The JE vaccination recommendation for stays lasting four weeks or more in the transmission zone during the risk period is merely instructive. Stays in rural areas with pig farming and wading birds are associated with an increased risk. Stays in urban areas will normally carry only a limited risk. In case of intense exposure or knowledge of ongoing outbreaks, stays shorter than four weeks may justify vaccination. Examples of intense exposure include prolonged stays outdoor in rural areas, particularly in the evening and night, and outdoor activities such as camping, hiking and trekking. Primary mosquito bite prevention should always be recommended. Ongoing outbreaks, risk areas and any seasonal variation are presented (in Danish) at


Measles still circulate in a range of countries both in Europe and in other parts of the world, and major outbreaks are observed. Non-immune travellers are at risk of infection and may subsequently introduce the virus to Denmark, EPI-NEWS 12/14; and all travellers above 12 months of age should have received vaccination against measles in the form of MMR vaccination. In connection with measles outbreaks, the vaccine can be used as from 9 months of age, but the vaccination then needs to be repeated after 12 months of age. Under the childhood vaccination programme, two MMR vaccinations are given, when the child is 15 months and 4 years old. It is recommended that all non-immune adults aged 18 years and above receive a single MMR vaccination. Adults are required to pay for the vaccination themselves, but vaccination is free of charge for non-immune women of child-bearing age.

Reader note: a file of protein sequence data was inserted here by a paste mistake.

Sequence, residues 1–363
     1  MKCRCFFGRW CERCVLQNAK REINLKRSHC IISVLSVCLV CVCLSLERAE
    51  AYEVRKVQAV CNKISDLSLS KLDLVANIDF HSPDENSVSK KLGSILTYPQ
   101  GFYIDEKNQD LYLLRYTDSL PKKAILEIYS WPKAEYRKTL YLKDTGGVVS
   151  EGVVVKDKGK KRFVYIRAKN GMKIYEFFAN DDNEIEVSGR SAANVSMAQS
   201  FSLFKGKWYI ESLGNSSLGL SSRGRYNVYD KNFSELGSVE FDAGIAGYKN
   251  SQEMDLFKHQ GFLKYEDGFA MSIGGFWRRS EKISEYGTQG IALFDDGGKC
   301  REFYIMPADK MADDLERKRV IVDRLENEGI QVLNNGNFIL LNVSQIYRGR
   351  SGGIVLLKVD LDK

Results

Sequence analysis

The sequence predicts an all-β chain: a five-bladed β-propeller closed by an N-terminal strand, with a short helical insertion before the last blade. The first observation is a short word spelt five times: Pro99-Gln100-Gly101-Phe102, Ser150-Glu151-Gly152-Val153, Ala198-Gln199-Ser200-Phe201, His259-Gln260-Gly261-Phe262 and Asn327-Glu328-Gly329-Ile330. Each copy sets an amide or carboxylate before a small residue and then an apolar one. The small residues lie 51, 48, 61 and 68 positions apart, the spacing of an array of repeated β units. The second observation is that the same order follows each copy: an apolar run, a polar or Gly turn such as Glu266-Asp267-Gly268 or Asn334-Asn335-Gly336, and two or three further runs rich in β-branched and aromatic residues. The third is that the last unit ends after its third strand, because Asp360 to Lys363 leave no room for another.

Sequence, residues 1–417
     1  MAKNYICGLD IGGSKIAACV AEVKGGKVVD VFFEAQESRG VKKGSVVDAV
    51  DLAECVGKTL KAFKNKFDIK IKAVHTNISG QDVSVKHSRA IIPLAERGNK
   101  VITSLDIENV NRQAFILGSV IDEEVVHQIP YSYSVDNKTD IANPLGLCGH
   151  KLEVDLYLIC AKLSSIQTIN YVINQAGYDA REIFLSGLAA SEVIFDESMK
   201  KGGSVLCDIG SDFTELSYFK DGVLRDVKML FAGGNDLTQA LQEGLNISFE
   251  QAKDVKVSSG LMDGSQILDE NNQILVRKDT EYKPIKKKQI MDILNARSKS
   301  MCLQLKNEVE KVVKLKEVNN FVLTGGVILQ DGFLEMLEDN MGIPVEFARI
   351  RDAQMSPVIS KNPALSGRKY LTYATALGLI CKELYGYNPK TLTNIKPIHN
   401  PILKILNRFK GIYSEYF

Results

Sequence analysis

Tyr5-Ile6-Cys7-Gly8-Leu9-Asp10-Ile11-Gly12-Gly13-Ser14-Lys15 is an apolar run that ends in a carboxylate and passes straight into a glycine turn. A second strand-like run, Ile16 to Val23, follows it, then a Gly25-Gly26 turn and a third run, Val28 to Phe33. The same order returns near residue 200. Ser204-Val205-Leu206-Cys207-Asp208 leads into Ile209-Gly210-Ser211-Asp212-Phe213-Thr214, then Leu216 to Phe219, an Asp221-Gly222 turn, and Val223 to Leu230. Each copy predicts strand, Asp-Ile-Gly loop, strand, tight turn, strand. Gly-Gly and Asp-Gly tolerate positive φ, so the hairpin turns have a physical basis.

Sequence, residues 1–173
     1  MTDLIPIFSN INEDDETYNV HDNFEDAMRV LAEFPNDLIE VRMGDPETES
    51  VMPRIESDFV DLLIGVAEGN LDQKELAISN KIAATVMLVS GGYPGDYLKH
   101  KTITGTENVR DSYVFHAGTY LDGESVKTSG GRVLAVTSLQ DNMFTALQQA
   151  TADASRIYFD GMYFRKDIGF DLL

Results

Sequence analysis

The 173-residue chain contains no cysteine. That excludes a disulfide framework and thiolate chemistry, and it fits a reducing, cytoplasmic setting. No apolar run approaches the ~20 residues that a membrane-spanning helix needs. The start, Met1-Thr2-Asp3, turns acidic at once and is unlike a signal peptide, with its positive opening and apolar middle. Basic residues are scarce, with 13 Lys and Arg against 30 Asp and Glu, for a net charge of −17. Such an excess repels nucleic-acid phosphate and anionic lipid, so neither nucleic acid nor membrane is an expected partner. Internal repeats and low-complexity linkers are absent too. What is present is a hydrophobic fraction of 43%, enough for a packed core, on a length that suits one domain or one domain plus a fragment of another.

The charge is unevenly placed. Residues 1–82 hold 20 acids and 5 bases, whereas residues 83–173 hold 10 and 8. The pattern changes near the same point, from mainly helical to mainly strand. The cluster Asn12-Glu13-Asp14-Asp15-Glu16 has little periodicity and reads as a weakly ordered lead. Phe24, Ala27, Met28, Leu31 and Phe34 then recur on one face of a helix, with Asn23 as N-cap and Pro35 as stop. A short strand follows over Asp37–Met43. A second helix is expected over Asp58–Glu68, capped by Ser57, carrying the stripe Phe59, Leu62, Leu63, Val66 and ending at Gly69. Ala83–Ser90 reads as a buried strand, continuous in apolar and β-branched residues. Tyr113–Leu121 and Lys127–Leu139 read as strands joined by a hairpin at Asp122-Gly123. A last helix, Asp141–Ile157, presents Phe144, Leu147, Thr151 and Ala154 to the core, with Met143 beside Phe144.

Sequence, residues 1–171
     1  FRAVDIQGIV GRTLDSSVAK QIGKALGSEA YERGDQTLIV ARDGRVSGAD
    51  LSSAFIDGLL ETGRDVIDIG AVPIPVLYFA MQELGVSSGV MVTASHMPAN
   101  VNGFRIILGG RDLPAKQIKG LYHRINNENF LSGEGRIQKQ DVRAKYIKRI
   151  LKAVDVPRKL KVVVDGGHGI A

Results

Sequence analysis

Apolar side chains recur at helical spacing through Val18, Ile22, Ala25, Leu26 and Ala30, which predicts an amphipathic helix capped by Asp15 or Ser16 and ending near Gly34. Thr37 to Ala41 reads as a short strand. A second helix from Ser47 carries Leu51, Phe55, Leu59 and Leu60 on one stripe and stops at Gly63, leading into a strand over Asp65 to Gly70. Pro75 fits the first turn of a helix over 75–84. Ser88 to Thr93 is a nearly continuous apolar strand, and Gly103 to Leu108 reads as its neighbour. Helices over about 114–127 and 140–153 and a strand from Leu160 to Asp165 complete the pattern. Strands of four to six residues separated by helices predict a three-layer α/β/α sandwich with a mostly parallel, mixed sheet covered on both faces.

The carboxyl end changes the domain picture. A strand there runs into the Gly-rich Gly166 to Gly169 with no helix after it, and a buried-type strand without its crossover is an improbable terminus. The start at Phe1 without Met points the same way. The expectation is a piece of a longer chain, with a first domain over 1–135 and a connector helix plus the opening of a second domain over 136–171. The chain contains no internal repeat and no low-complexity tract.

The WHO informs that Paraguay has introduced a requirement for MR vaccination covering anyone entering the country. In Denmark, only the MMR vaccine is available.

Hepatitis A and B

Many travellers have received vaccines against hepatitis A or/and B, but have exceeded the recommend interval between the vaccinations.

For healthy and immuno-competent travellers who are recommended hepatitis B vaccination, please note that: where three hepatitis B vaccinations were given and the minimum intervals were observed, there is no need for any further vaccination, even if the recommended vaccination intervals were exceeded. Booster vaccination is not recommended.

For healthy and immuno-competent travellers who are recommended hepatitis A vaccination, please note that: where two hepatitis A vaccinations were given and the minimum interval was observed, there is no need for any further vaccination, even if the recommended vaccination interval was exceeded. Thus, the vaccination series should never be re-initiated.

The above also applies to combination vaccines covering hepatitis A and B.
(C.S. Larsen, Danish Society of Travel Medicine, S. Thybo, Danish Society for Infectious Disease, J. Kurtzhals, Danish Society for Clinical Microbiology, N.E. Møller, Danish College of General Practitioners, L.S. Vestergaard, Danish Society for Tropical Medicine and International Health, K. Gade, The Danish Paediatric Society, P. H. Andersen, A. H. Christiansen, Department of infectious Disease Epidemiology)

Link to previous issues of EPI-NEWS

2 July 2014